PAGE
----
'Pet Sematary' Remake Directors Detail Their Approach to Zelda Scenes

Of the many memorable elements of the first adaptation of Stephen King's Pet Sematary, one that [...]

Of the many memorable elements of the first adaptation of Stephen King's Pet Sematary, one that stood out with viewers was the image of Zelda, who suffered from spinal meningitis. According to the directors of the new adaptation, they aim to stick closer to the source material in their interpretation of the character.

"It's more accurate to the book, I'll just say that," co-director Dennis Widmyer revealed to Entertainment Weekly. "In the original movie, it's a 21-year-old guy in drag playing it, and in the book, as you recall, it's a 10-year-old girl."

Actor Andrew Hubatsek portrayed the role in the previous adaptation, using his physicality to convey an unsettlingly contorted depiction of the character, burning the image into our mind for decades. Alyssa Brooke Levine plays the character in the new film, who is much closer in age to the character in the original story.

"You go, 'How do you top Zelda?'" Widmyer, who directed alongside Kevin Kolsch, noted. "It was big and scary and awesome, but if you think about the reality of the Zelda situation, what that would do to a family, with her wasting away in this bedroom, and a younger sister being frightened of her older sister's debilitating illness, that on its own is pretty scary."

The previous adaptation also used a number of editing effects to give Zelda an otherworldly presence, with this new adaptation aiming to stay more grounded in reality. Widmyer hopes that "the grounded nature of that horror would actually be scarier than a supernatural version of it."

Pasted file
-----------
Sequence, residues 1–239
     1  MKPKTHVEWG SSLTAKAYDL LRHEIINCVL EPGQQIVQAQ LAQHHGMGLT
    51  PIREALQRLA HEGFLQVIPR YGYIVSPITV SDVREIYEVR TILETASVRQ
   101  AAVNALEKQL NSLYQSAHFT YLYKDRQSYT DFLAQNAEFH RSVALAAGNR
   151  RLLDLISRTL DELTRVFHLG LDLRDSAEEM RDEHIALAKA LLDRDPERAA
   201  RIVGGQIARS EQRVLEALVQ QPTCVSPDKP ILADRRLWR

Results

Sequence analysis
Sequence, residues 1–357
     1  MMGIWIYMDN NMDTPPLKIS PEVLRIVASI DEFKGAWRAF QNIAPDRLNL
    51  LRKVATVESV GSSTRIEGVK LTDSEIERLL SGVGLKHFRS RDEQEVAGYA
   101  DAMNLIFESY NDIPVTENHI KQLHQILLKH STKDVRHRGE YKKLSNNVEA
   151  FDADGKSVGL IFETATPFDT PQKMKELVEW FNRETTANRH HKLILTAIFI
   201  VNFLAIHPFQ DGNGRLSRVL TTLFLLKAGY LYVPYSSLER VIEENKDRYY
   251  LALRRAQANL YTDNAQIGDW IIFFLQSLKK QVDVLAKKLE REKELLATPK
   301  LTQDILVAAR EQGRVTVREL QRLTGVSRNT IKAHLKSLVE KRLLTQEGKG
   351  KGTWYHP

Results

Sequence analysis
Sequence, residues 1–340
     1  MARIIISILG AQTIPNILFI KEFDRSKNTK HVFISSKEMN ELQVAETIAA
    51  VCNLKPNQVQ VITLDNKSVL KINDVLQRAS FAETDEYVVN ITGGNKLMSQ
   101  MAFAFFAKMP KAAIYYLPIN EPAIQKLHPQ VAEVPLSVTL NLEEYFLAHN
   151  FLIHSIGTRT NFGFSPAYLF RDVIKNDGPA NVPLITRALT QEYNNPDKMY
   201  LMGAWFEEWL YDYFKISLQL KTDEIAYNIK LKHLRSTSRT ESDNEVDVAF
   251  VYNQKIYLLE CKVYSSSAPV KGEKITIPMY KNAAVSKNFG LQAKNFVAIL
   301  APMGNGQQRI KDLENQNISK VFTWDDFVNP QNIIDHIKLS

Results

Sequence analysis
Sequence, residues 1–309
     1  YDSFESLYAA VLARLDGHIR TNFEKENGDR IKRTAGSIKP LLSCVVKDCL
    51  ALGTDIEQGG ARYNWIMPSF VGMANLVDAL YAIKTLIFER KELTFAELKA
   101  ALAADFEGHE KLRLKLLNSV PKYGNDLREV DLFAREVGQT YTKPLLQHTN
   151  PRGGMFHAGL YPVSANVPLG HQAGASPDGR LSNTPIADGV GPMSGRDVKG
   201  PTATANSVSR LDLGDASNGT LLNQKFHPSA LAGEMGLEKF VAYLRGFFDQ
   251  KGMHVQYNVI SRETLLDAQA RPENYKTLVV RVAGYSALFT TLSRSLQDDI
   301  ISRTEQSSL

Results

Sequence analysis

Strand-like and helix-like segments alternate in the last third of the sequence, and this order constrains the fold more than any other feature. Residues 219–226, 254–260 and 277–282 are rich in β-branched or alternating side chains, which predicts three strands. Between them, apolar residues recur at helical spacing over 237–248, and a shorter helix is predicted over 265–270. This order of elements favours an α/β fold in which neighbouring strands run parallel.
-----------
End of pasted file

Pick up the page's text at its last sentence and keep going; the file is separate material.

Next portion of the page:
He added, "The nurse, the medical equipment, what that room would feel like as a layer of dust went on everything." This approach will hopefully show "how that would seem from the perspective of an 8-year-old, going into that room to bring food to her, and how scary that would be."

Based on the seminal horror novel by Stephen King, Pet Sematary follows Dr. Louis Creed (Jason Clarke), who, after relocating with his wife Rachel (Amy Seimetz) and their two young children from Boston to rural Maine, discovers a mysterious burial ground hidden deep in the woods near the family's new home. When tragedy strikes, Louis turns to his unusual neighbor, Jud Crandall (John Lithgow), setting off a perilous chain reaction that unleashes an unfathomable evil with horrific consequences.

Fans will say how this new approach pays off when Pet Sematary hits theaters on April 5, 2019.

Do you think the new approach could top the previous adaptation? Let us know in the comments below or hit up @TheWolfman on Twitter to talk all things horror and Star Wars!

[H/T Entertainment Weekly]